Nancy McCary rides a powerful Belgian horse in tight circles, then along the outer railing of an indoor horse ring before guiding the gelding into the curve.
She rides by feel, sensing the animal lifting his head or shifting his weight, then nudging and prodding the beast quickly around the ring.
"Riding has meant everything to me," said McCary, 44, who's been blind for 22 years. "I feel like I'm not handicapped."
McCary takes riding lessons, an hour at a time, at the Therapeutic and Recreational Riding Center (TRRC) in Glenwood, a nonprofit group in western Howard County. To McCary, her riding lesson is more than exercise: It helps her cope with diabetes -- which has taken toes and a kidney -- and blindness.
She is one of the center's 300 clients, many of them children with physical and mental disabilities, who ride at the center. The demand for the center's services has become so great, say staff, that they are seeking to raise several million dollars to expand and create more programs geared toward the disabled.
The therapeutic benefits of riding are strengthened muscles, improved balance and increased self-esteem, experts say.
"We make sure [the disabled] get educations and work," said Helen Tuel, director of TRRC. "But that's not enough. They'll have health problems if they're not fit. And this is fun."
Therapeutic riding techniques spread to the United States after the Olympic Games in Helsinki, Finland, in 1952, when a paralyzed woman from Denmark won a silver medal for dressage, a type of competition in which the rider uses slight movements to steer the horse.
Today, 600 centers offer a variety of riding programs, said Pam Simons, spokeswoman for the North American Riding for the Handicapped Association.
The TRRC complex is on Shady Lane, occupying 55 acres of sprawling fields and woods.
Tuel and her husband, John, founded the TRRC 15 years ago. After eight years in Lisbon, they moved to Glenwood and have been expanding since.
First they installed fences, then built indoor and outdoor arenas, three-sided shelters for the horses and trails. But that has not kept up with demand, so center directors are hoping to raise money to build additional structures to offer more riding and treatment opportunities.
"The need is there," said Merope Pavlides, the center's director of development. "We are constantly having to try to sandwich new people in. We get new people every week."
In the next few years, the Tuels plan to build a $500,000 rider support center that would be attached to the large indoor ring, with stalls and a section where riders can warm up.
Eight stalls have been built. Another 28 are planned to accommodate the center's 40 horses, which sleep outdoors.
If they can raise the money through a capital fund drive under way and from private and corporate grants, center officials plan to create a therapy complex to house full-time speech pathologists and occupational and physical therapists.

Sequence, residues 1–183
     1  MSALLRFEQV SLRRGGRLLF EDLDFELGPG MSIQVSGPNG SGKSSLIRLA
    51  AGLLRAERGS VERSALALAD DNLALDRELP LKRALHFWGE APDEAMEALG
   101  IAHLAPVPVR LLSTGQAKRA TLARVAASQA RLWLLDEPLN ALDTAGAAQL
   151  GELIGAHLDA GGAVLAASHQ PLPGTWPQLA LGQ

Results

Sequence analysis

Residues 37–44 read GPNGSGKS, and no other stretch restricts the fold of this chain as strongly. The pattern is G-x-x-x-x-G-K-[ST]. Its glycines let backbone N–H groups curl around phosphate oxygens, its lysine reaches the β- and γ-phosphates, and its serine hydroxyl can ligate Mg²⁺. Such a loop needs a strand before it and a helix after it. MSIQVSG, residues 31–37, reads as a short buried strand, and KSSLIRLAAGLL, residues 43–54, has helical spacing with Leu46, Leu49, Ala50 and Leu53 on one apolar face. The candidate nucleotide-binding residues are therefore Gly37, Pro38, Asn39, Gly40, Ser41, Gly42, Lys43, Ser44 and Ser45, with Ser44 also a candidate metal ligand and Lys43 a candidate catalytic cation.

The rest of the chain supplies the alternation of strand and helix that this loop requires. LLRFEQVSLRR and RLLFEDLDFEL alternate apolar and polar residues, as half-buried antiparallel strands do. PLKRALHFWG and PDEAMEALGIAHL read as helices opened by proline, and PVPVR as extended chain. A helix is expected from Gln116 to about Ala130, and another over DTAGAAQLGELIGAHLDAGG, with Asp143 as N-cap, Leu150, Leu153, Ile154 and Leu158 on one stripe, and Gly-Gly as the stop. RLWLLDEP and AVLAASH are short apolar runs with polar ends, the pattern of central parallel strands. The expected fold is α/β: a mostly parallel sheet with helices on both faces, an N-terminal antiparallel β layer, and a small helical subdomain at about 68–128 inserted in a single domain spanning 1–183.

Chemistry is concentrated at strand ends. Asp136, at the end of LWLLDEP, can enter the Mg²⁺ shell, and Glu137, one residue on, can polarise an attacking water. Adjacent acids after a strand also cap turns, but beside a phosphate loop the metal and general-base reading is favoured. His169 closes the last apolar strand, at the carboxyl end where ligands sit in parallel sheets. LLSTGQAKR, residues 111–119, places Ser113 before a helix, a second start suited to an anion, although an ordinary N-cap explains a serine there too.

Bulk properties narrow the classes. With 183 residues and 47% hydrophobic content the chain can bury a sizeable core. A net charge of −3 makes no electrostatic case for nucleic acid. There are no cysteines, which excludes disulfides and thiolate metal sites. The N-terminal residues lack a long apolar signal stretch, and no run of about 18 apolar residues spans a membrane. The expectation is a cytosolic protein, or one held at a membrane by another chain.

"This is a prototype," said Helen Tuel. "I'd like to see other programs like this developed elsewhere."
Besides offering the disabled a chance to ride, the center also caters to their family members and friends.
"They now have an activity they can do together," Pavlides said.
In the McCary family, riding has been a team effort, since McCary's parents gave her a toy rocking horse at age 3.
Even after losing her sight, breaking a hip and undergoing a kidney transplant two decades ago, McCary still rides, with her father carrying equipment and videotaping her sessions.
At home, her mother offers encouragement. "She'd rather watch it on tape and know I'm safe," says McCary, smiling.
She slowly dons her black riding cap, zips up her vest and climbs aboard Sam the horse. In the saddle, she slips on black gloves and clutches a small whip that she sometimes uses to locate the outer rail.
At her job at the Department of Commerce in Silver Spring, she uses a wheelchair to go long distances because diabetes claimed her toes and balance. In 1997, doctors rebuilt her left knee.
McCary directs Sam in circles, with the horse tethered by a lunge line to Bob Caton, her instructor. Last spring, at their first lesson together, Caton set McCary loose without a lunge line -- her first time since going blind.
The ring is filled with Caton's booming voice: "Left, left, left, left. Straight line. Straight line. Right right right very good."
For an hour, McCary roams around the indoor ring, guiding Sam toward the rail, feeling when his head moves and his body shakes, sensing the wall. Then she gently shifts her body in the saddle, squeezing a leg against Sam's side. They move.
Sam trots in figure eights and serpentines, difficult maneuvers for a blind rider.
"I've been learning to ride better," she says. "I've been learning to feel the horse underneath me. Being blind, I feel the motion of what the horse is doing."
To teach McCary, Caton's first blind student, he wore a blindfold while riding Sam and then translated the unseen into instructions for McCary.
After the lesson, as her father gathers the equipment, McCary is breathing hard. "The emotions, the exercise, the excitement, the feeling," she says quickly and then slows. "I just love it. I never thought I'd stop riding."
For information, call Helen Tuel 410-489-5100 or write to the Therapeutic and Recreational Riding Center, 3750 Shady Lane, Glenwood 21738.
Pub Date: 2/15/99